This content is from: Portfolio

The Morning Brief: Herbalife Shares Rally on Wednesday

Shares of Herbalife rebounded sharply on Wednesday, rising more than 4 percent, to close at $31.72. Even so, the stock, a high profile short position for William Ackman’s Pershing Square Capital Management, is down about 15 percent this year alone.

Meanwhile, on Tuesday CNBC reported that Paul Sohn, described as “the chief architect” of George Soros’ bullish bet on the multi-level marketer, has left Soros Fund Management, the New York-based family office for the legendary octogenarian investor. “Paul Sohn’s departure is unrelated to any position the firm may have or has had in Herbalife,” Michael Vachon, a spokesman for Soros, said in an email to CNBC. The stock also fell more than 50 percent in 2014.

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Activist investor Lawrence Seidman, whose Parsippany, New Jersey-based hedge fund firm Seidman & Associates specializes in banks, bought an additional 86,000 shares of Prudential Bancorp, lifting his stake to 6.90 percent. The Philadelphia-based holding company for Prudential Savings Bank has seven locations.

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Deutsche Bank raised its price target on Family Dollar Stores from $55 to $58. However, it retained its “hold” rating. The investment bank said it expects the discount retailer to report “below consensus” earnings when it announces its latest quarterly results before the stock market opens on Thursday.

“We will be looking for color on the quarter that could also provide broader positive implications for peers” Dollar General and Dollar Tree, the investment bank states in a note to clients. New York-based Trian Fund Management is the largest Family Dollar shareholder, while four other hedge funds are among the top-10 holders. They include New York-based firms Paulson & Co., Och-Ziff Capital Management and Elliott Management Corp. and Boston-based Highfields Capital Management.

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Shares of Micron Technology Wednesday fell more than 2 percent after it reported mixed results late Tuesday. As we previously reported, two of its largest investors are Boston-based Baupost Group and New York-based Greenlight Capital. On Wednesday, Deutsche Bank reaffirmed its commitment to the stock, maintaining its $40 price target and “buy” rating, noting it is “attractively valued” trading at 9 times earnings.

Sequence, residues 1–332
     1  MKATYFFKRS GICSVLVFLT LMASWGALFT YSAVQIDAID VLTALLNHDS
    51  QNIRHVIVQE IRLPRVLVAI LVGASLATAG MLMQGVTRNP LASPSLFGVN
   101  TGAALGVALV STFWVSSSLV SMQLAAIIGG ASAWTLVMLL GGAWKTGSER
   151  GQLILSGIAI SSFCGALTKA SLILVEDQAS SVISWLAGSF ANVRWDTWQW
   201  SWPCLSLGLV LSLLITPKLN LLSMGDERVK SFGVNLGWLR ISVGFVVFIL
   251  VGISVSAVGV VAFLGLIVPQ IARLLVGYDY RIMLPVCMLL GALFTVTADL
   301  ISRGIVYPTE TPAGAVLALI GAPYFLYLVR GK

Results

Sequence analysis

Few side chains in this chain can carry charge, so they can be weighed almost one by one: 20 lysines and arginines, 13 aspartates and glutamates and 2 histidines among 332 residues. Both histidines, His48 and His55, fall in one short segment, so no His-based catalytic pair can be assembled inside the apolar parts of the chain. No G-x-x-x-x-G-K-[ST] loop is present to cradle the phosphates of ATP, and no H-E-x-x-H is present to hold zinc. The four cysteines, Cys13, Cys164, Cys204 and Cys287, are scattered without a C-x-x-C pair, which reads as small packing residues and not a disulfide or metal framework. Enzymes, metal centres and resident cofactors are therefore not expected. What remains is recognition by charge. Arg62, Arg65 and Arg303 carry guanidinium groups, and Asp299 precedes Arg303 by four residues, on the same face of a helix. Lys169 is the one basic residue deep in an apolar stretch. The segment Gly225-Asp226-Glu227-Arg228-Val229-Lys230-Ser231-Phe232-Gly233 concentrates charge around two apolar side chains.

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The Credit Suisse Liquid Alternative Beta Index posted a 0.28 percent gain in December, bringing its full-year return to 3.60 percent. Little surprise, managed futures led the way, gaining 3.51 percent in December and 15.77 percent for the year. The long-short equity strategy was the second best performer, gaining 8.45 percent for the year. The LAB indices try to replicate the aggregate return profiles of hedge fund strategies using liquid, tradable instruments.

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Jamie Raboy, global head of risk management at Marathon Asset Management, was promoted to partner at the firm. New York-based Marathon manages about $12.5 billion in assets invested in corporate and global credit, structured credit, emerging markets, leveraged loans and CLOs. Marathon’s existing partners include founders Bruce Richards and Louis Hanover as well as Andrew Rabinowitz, Richard Ronzetti, Jake Hyde, Stuart Goldberg, Andy Springer and Gabriel Szpigiel. Raboy joined Marathon at its inception in March 1998. He also serves on Marathon’s executive committee.

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